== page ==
So if you had a 2000 mA-H rated cell with a max discharge of 1C, that would be 2000 mA or 2.0A. This cell would not be suitable for the 3.5A application. A 1500 mA-H cell with 3C discharge would be 1500*3 = 4500 mA or 4.5A rated, and thus good for this application.

    You also want a quality, reliable cell. Bargain cells typically fail to meet claimed performance measurements, among which would be safe discharge rates.

    EDIT: It appears you already figured this out. Maybe this will help some who haven't.

  7. #7
    *Flashaholic* idleprocess's Avatar
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    Default Re: How to calculate battery's sustained current

    It's been my limited experience that Li-* chemistry manufacturers will state a "maximum continuous discharge" or similar, and some will specify a "maximum peak" or "maximum pulse" discharge (the duration of which is hopefully defined) - both expressed in unambiguous mA or A figures. Note that your realized capacity will tend to decrease the harder the cell is discharged - drastically in some cases - thus it pays to note the test conditions for determining the cell's faceplace Ah and plan accordingly.
    I apologize that this letter is so long; I did not have time to write a short letter

  8. #8

    Default Re: How to calculate battery's sustained current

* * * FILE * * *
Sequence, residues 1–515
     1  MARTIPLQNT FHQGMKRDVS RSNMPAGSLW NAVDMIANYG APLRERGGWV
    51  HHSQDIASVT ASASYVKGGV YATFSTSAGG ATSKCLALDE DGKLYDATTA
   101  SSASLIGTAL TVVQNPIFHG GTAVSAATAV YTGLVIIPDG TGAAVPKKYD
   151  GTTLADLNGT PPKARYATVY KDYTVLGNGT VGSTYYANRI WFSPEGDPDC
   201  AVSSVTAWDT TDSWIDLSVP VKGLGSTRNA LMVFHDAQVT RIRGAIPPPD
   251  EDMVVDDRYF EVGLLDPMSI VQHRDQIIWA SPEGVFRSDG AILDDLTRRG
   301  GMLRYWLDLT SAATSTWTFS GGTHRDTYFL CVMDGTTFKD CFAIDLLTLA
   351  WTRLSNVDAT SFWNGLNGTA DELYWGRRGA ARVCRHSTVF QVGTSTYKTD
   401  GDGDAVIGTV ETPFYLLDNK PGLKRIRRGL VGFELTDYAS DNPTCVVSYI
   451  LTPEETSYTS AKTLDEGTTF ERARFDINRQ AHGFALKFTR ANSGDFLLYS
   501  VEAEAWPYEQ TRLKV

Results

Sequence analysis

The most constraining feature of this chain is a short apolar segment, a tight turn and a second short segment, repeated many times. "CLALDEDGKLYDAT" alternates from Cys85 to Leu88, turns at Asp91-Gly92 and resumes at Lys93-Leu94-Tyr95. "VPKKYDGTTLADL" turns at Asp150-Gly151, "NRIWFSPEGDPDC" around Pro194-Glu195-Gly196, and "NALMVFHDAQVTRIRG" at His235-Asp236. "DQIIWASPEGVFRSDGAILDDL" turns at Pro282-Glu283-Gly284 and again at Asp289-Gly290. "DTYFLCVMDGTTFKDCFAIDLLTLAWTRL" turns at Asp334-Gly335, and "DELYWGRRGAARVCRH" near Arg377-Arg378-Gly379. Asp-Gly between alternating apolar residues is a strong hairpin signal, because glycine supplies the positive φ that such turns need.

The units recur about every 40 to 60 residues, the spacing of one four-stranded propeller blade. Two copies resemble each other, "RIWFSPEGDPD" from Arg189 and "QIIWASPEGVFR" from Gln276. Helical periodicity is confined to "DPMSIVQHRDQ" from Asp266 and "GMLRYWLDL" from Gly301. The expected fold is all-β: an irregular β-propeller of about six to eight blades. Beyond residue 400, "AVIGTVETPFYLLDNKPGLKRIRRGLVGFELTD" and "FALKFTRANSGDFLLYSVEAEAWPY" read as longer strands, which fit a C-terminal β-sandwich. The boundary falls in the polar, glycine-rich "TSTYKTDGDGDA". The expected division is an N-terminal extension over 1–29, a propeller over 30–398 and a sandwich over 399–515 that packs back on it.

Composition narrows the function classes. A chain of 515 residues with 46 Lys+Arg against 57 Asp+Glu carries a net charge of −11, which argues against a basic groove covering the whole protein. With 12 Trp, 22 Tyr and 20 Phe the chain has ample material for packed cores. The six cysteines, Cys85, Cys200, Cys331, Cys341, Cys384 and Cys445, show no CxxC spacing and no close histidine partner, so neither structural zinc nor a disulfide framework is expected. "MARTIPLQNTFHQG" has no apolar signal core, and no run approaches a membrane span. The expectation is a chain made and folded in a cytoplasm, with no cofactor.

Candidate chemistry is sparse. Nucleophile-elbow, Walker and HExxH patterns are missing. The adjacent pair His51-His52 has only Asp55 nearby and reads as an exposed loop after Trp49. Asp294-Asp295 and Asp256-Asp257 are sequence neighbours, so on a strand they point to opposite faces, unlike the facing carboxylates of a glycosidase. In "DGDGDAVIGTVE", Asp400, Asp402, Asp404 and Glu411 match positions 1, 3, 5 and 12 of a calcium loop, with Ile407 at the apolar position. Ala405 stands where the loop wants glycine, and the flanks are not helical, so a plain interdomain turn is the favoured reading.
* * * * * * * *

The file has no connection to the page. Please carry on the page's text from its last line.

And it is very rare for the nameplate to be honest, if within 10-15% of actual that's pretty good.

    With very high quality LFP prismatics it's often the reverse, rated for 180Ah may actually test out at 185-190Ah

    but different from this market niche

  9. #9
    Flashaholic
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    Default Re: How to calculate battery's sustained current

    Thank you. This is all great stuff. I'm trying to learn more about batteries.
    Right now I just trust the sellers that I buy the lights from and order whatever batteries they sell.
    But eventually I'd like to maximize output by trying out different batteries, which is tough to do when one doesn't have a good battery understanding.

  10. #10

    Default Re: How to calculate battery's sustained current

    KD, when I lurked at a vaping forum lots of members there would mention this fellow named Mooch. Mooch this, Mooch that, when it came to making sure that super vape modular box (called mod by the cool cats) would not explode. Some of those things draw way more amps than a flashlight will. It was mostly unprotected cells they were using with claims of being able to draw 40 amps for a few seconds.
    Well I wasn't into all that but I did want to know some stuff like if the brand I saw on Amazon was any good or how many amps brand Q could really handle so I looked up some Mooch battery reviews and learned enough to have a basic understanding of protected and unprotected cells. Enough to know that both fivemega and owen are correct depending on the battery you are looking at acquiring.

    Good thread by the way. Very relevant for those just getting started down the rabbit hole of 65mm long batteries for 2x123 flashlights.
    John 3:16